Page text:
The divorce app: a gift for life, not just for Christmas

It seems some of us have been stressing about Christmas since 12 November. That’s 42 days before the big event. That’s about 11.5 per cent of the year spent worrying about one day. Most of the stress is down to worrying about which presents to buy, closely followed by concerns about how much the celebrations will cost in total.

The money bit I get.  Christmas is ludicrously expensive, especially once you throw children into the equation (and I only have one to worry about).  Add to that an expensive bird nobody likes eating, a Christmas tree that costs more than you spend on plants and flowers in a whole year and fancy crackers with gifts nobody wants, and most bank accounts go into a tailspin.

Presents aren’t worth worrying about.  After all, how many times have you spent hours searching for the perfect gift only to find your reciprocal gift consists of one of those beauty box sets that stuff the shelves of high-street chemists from September and shriek ‘I have no imagination’ or, worse, ‘You need a good wash’?  Whatever you buy older kids will be wrong, and younger ones normally prefer the box it came in anyway.

This is not to say I won’t get stressed about Christmas at all, but probably not until the day itself when there isn’t enough room in the oven for the turkey and I can’t get into the kitchen for the champagne because it’s too crowded with one husband, one mother and one mother-in-law cooking the Christmas lunch (as a vegetarian, I steer well clear).

However, the trauma of Christmas and the threat of a dismal and depressing January is enough to send many over the edge.  This year I haven’t yet seen the predictable study explaining that December is the month couples argue the most and January sees a spike in the numbers of people seeking advice about divorce and separation, but expect it soon. 

For once, the government appears to be ahead of the game.  At the end of November it launched a web app, ‘Sorting out Separation’, providing free advice and guidance on all aspects of separation, including coping with the emotional impact of a break up, accessing legal or housing support and arranging child maintenance. 

It is not just the December/January relationship breakdown explosion that makes the launch of the app seem fortuitous.  Come April, when the Legal Aid, Sentencing and Punishment of Offenders Act (LASPO) comes into force, warring couples are going to find it much harder to access advice of any sort, even if they don’t want a lawyer.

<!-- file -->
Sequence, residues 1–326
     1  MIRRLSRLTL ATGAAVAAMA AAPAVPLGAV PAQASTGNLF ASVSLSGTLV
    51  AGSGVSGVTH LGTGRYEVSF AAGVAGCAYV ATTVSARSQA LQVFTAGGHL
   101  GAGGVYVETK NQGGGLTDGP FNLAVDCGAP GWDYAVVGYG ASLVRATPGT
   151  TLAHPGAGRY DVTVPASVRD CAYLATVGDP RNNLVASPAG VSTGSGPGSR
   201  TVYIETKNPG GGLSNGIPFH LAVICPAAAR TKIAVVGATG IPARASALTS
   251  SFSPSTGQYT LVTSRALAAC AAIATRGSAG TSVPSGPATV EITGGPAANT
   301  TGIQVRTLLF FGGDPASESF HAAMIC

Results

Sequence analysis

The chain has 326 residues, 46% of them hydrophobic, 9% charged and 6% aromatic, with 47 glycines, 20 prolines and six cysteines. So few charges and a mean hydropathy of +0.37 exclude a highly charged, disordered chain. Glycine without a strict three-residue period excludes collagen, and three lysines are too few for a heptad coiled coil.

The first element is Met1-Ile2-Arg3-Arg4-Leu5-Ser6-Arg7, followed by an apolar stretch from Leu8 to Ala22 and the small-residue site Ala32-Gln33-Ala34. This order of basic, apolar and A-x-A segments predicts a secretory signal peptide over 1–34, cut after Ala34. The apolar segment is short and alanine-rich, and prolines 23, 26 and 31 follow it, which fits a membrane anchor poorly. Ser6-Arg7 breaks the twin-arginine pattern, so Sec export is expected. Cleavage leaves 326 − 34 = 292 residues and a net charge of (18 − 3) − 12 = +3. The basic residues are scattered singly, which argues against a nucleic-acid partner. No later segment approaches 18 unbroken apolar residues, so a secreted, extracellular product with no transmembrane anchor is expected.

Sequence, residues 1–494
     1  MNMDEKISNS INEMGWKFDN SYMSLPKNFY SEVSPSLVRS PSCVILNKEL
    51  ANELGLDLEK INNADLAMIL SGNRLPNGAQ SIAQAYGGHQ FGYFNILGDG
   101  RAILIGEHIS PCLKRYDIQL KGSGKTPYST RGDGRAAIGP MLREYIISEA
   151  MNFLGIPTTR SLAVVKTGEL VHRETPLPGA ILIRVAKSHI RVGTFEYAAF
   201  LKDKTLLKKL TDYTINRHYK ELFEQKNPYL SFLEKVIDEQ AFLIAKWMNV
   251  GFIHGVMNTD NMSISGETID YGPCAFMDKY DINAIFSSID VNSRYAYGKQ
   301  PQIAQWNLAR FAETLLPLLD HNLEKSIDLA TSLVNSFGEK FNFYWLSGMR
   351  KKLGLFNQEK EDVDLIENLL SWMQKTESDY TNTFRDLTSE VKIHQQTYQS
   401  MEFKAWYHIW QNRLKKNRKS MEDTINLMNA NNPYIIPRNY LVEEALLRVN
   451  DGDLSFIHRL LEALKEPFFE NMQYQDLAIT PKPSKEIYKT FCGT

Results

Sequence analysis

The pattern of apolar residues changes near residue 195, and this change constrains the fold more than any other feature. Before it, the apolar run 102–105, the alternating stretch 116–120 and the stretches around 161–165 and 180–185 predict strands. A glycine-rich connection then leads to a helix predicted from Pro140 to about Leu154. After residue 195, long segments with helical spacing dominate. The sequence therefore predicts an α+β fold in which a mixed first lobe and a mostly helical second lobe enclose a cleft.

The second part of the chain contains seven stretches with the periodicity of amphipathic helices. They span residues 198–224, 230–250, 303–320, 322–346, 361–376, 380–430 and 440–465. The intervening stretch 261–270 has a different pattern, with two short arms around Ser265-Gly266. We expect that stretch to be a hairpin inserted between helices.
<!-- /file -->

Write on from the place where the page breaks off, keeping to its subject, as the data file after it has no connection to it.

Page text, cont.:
LASPO removes all but a few family law cases (those involving domestic violence) from the scope of legal aid, which is bad enough if your partner is not playing ball and can afford their own lawyer when you can't.  But severely cutting the amount of legal aid available also means many advice and law centres will close.  Some have already shut their doors or are not taking on new cases.

It does make the work and pensions minister Steve Webb look somewhat disingenuous when he says the impetus for the app was that ‘parents tell us they don’t know where to turn for support when they are going through a separation…it’s vital we help parents to access better advice’.  I am not sure an app is going to be the first stop for many in the midst of a difficult break up and it hardly seems a substitute for face-to-face advice. 

Thankfully I haven’t ever been divorced and I haven’t managed to find the app on the web, so maybe I am not the best person to comment on how helpful or not it would be in the throes of separation, but I am prepared to stick my neck out and suggest this particular government initiative is but a sticking plaster over a gaping wound.

It is not that a divorce app isn’t a good idea, but is it really the government’s job to spend £300,000 on an elaborate signpost, particularly when some of the paths it points to may only lead to dead ends unless you have a large bank account?  Having said that, many who know far more about these things than I do have started using the app, including Relate, National Family Mediation, Mumsnet,, Gransnet and Wikivorce.

The app is, apparently, ‘designed for the DIY enthusiast’ but promotes mediation and collaborative law as ‘the way forward’.  I am not sure there are too many ‘DIY enthusiasts’ out there, particularly in such an emotionally charged area.  In fact, I would go so far as to suggest that if self-representation is ever a good idea (it’s not) it probably isn’t when it comes to divorce.

As for promoting mediation, a cynic might say this isn’t actually necessary when it is the only option if you can’t afford a lawyer.  Obviously mediation is a good thing - when it works it is much quicker and cheaper than dragging a case to court.  But many separating couples don’t have anything like the sort of relationship that enables them to sit round a table and work things out themselves, with or without mediation.  I can't see an app being much help to them.

The government has high hopes that the app will save money by encouraging couples to resolve disputes and sort out their finances rather than relying on the Child Support Agency. If its plans for saving money from the legal aid bill are anything to go by, expect the CSA to be wound up completely sometime soon.

In the face of all this, it really isn’t worth letting Christmas getting you down.  And if you’re stuck for that perfect gift, maybe a gift voucher for the app store might do the trick?

Posted in: Family law

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